I'm not sure what it all means, but I don't think we can make every obstacle foolproof and I don't know that arguing about the frangible pins is the right answer. Someone else posted that even if the fence had come down, that wouldn't have changed the fact that the horses were ridden to it in a way that didn't work out. I think this is the issue here. I saw a lot of horses on the course that looked tired. Tired horses early on, even by the head of the lake. Horses that looked like they were beat 3/4 of the way around. I think that is a huge contributing factor to all of this. And I think sometimes you just have a bad fence. Unfortunately, this is a high risk sport, and that bad fence could be unbelieveably costly, but we can't prevent every possible incident and still compete in our sport.

                                      Just my 2 cents from what I observed. I love this sport, and I hope that it will go back to its roots, with galloping and jumping out in the open as our main premise, not this technical, tight stuff we keep seeing.
                                      TPR!
                                      Thoroughbred Placement Resources, Inc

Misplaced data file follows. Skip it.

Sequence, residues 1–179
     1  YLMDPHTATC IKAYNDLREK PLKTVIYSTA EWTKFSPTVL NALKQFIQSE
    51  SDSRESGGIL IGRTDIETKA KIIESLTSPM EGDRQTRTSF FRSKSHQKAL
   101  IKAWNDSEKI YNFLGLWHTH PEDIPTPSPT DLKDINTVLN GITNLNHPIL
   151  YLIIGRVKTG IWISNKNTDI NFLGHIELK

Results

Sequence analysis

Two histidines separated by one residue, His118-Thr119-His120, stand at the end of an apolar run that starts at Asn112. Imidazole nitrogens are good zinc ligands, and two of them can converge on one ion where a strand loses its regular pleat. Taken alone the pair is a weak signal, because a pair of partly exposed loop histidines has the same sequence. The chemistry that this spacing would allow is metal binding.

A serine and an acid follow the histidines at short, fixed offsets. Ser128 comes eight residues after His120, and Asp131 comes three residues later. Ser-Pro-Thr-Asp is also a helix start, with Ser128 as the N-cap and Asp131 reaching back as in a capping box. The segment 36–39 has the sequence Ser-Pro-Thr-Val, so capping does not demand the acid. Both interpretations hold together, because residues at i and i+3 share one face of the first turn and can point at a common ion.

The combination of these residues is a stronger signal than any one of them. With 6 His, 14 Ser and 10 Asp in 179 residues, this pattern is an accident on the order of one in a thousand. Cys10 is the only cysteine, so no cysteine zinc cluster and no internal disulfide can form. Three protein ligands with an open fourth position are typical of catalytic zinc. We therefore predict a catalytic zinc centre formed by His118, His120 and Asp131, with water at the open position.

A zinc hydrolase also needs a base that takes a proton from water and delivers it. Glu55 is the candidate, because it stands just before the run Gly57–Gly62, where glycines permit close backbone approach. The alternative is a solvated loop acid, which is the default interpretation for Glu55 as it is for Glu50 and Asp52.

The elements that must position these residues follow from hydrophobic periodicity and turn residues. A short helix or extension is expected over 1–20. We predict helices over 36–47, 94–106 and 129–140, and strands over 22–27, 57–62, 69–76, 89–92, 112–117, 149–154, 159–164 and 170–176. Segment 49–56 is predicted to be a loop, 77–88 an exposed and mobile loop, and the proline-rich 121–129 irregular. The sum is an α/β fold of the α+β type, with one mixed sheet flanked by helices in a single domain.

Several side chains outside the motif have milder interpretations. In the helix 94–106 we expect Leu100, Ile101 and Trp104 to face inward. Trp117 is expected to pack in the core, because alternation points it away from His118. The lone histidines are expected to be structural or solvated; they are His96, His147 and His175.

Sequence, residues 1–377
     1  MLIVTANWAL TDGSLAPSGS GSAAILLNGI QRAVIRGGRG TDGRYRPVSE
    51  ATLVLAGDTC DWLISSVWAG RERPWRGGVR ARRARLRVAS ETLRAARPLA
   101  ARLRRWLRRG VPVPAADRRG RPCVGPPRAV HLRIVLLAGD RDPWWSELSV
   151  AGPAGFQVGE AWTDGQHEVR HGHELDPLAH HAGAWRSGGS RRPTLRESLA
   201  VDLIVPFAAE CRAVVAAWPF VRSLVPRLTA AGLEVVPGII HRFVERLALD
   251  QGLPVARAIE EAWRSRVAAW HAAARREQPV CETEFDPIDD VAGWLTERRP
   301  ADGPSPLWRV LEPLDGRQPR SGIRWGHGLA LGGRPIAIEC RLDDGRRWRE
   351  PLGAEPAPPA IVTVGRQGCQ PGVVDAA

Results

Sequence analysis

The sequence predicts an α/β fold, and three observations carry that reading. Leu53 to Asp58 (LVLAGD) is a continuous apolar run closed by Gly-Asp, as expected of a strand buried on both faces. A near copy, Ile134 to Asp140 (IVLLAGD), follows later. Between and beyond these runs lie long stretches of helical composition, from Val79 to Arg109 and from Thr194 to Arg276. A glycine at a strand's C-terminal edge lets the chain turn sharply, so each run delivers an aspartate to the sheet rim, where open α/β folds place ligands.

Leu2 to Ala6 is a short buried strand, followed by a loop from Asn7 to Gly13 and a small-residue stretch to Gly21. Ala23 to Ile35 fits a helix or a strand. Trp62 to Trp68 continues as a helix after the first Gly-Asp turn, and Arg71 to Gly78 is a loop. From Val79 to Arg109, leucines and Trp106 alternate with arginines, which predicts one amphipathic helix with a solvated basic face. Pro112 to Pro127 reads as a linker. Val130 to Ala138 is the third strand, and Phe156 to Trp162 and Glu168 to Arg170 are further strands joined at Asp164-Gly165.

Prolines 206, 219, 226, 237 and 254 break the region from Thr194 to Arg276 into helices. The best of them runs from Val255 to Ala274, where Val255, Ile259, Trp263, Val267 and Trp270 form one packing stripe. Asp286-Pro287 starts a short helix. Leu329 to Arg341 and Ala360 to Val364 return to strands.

www.goodhorse.org

                                      Comment


                                      • #20
                                        I did not see the falls in question. However, IMHO, this year's hollow was less terrifying to watch than last year's, when horses were jumping up the double banks to a fence on top (I believe a cabin). Horses without impulsion were flinging themselves and I became so convinced that someone was going to fall backwards down the bank that I had to stop watching that fence.

                                        This year, going down the bank was not nearly as scary to watch. And it wasn't the bank that made people fall, remember, it was the rail.

                                        I did see the Jump Jet refuse at the head of the lake, and was very glad to see the styrofoam log break perfectly. The horse did not even act stung. However, and just IMHO, even with a regular log I don't think this type of stop would have resulted in a rotational, as it was a true refusal and the horse made no effort to jump the fence. Without the new log he would definitely have been more banged up, though.

                                        Overall, I thought the course was MUCH horse-friendlier than recent years. There were no open corners or open oxers. Many, many of the jumps were topped with brush.

                                        No one is mentioning the new, max, triple table/brush element that rode beautifully with a nice forward gallop. Isn't that what people have been asking for?

                                        Comment